Nikon has taken its imaging and AI prowess in a unexpected direction with a new system that can warn farmers when a cow is about to give birth, Kyodo News has reported. It's designed to reduce the need to constantly check large numbers of pregnant cows during busy birthing seasons, helping farmers improve efficiency.
The system, which costs 900,000 yen per year ($6,200) for a farm with around 100 cows, consists of a security-style camera married to an AI system. It uses a dedicated smartphone application that sounds an alert when a calf is due, allowing farmers to spring into action if required.
Nikon started training the AI in the fall of 2021, then running proof-of-concept tests on four farms in southwestern Japan in February 2023. The system picks up on signs exhibited by pregnant cows about five hours ahead of labor, like increased movement and the beginning of the release of the calf's amniotic sac. "We want to be able to also detect when a female cow is in heat and other behavioral patterns," said Nikon's Kazuhiro Hirano.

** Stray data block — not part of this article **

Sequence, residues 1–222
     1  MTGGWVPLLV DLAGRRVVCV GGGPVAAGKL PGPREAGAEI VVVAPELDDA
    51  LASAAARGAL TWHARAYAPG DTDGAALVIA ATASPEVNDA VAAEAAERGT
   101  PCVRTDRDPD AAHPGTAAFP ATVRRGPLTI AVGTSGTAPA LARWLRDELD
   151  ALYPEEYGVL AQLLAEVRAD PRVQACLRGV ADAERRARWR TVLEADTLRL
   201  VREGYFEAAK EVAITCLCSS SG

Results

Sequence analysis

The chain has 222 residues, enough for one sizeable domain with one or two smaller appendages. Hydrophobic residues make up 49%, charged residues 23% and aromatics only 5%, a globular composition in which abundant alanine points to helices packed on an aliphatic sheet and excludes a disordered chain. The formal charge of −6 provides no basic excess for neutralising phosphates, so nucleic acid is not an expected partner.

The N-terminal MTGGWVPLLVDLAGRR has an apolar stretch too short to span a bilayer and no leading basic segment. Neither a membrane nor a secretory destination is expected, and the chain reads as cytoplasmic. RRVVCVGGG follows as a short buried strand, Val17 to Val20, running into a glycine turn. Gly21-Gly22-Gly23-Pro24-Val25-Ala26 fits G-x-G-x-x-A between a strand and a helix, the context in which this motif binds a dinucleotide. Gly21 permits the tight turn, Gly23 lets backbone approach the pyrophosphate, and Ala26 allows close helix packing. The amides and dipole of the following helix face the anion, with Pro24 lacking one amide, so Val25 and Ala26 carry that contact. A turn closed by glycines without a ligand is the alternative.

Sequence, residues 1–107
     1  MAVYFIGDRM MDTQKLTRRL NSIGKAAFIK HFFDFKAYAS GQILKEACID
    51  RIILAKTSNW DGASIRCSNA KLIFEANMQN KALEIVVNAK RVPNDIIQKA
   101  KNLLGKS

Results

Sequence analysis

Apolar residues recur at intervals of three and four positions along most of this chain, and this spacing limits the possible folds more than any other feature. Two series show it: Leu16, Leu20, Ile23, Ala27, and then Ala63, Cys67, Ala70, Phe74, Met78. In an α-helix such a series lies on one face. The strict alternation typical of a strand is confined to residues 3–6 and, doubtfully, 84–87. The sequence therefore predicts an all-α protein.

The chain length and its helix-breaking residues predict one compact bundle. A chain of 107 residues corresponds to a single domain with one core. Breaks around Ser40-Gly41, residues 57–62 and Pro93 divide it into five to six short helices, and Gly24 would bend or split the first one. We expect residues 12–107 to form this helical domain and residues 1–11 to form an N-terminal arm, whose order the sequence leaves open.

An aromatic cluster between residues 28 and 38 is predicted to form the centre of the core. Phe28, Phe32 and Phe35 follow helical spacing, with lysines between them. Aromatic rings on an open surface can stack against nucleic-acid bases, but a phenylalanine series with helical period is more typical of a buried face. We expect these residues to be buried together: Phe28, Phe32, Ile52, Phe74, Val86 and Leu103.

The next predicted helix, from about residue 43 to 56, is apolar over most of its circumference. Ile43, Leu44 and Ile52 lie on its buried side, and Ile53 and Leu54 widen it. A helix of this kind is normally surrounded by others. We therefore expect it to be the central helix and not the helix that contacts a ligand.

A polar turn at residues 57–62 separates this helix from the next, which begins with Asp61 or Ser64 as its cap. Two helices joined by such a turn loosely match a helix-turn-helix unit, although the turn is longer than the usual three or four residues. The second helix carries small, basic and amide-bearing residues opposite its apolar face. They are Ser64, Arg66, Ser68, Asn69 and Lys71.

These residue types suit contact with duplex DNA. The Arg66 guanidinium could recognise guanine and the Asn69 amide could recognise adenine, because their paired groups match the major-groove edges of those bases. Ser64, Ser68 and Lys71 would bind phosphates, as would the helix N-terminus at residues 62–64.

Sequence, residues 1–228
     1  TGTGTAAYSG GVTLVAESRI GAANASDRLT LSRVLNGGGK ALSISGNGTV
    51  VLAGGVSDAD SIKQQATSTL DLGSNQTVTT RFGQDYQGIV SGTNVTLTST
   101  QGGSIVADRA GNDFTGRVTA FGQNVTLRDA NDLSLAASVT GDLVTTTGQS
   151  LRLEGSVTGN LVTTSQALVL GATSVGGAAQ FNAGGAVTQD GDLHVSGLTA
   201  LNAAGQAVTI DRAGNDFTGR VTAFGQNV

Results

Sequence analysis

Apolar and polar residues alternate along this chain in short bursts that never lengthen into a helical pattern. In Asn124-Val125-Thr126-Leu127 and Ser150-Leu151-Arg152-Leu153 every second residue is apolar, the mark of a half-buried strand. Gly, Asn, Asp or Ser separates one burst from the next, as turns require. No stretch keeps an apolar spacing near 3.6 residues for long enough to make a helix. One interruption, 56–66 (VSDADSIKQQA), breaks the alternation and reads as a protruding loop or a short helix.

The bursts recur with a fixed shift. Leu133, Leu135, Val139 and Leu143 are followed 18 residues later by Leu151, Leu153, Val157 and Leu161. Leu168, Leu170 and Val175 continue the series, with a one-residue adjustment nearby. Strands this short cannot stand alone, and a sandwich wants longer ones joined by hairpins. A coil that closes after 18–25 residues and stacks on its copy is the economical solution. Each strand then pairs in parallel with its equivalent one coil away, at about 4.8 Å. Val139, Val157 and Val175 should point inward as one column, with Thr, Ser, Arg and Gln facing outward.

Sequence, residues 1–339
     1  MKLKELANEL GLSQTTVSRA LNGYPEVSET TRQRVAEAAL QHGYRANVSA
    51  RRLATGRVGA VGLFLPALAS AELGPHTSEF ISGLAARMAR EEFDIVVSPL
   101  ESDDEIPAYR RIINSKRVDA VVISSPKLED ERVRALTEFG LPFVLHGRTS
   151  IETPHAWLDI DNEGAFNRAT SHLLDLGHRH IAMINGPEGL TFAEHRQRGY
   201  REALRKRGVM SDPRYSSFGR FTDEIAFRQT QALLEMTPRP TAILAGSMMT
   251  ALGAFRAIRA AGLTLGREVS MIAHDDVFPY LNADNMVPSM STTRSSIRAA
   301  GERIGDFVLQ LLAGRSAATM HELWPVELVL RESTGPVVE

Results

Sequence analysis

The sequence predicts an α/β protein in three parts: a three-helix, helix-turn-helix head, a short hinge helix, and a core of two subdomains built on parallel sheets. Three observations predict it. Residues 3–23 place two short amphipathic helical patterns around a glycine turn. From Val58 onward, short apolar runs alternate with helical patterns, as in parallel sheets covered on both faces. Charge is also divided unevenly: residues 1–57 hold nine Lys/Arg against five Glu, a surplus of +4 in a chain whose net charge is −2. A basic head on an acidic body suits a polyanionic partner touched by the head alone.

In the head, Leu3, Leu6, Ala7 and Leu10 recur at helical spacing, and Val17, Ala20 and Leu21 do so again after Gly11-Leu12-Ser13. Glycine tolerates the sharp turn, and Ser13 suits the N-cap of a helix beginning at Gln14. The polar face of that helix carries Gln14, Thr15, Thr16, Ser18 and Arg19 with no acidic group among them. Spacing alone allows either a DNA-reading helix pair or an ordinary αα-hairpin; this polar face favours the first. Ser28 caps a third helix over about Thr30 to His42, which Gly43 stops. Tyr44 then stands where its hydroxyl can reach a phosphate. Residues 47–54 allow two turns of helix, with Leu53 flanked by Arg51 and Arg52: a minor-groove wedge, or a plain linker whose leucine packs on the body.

The system apparently does the job well, according a livestock owner who participated in the tests last year. "We deliver about 60 calves per year and had to check the mothers every few hours from around a month before they are due. This system has been a great help," said Keita Higuchi.
Nikon is best known for its consumer cameras, but it also manufactures microscopes, X-Ray systems, semiconductor systems, robot vision, virtual production studios and more. The company uses AI tech to aid microscope imaging, but has also recently fought against misuse of fake AI images via new electronic watermarking technology.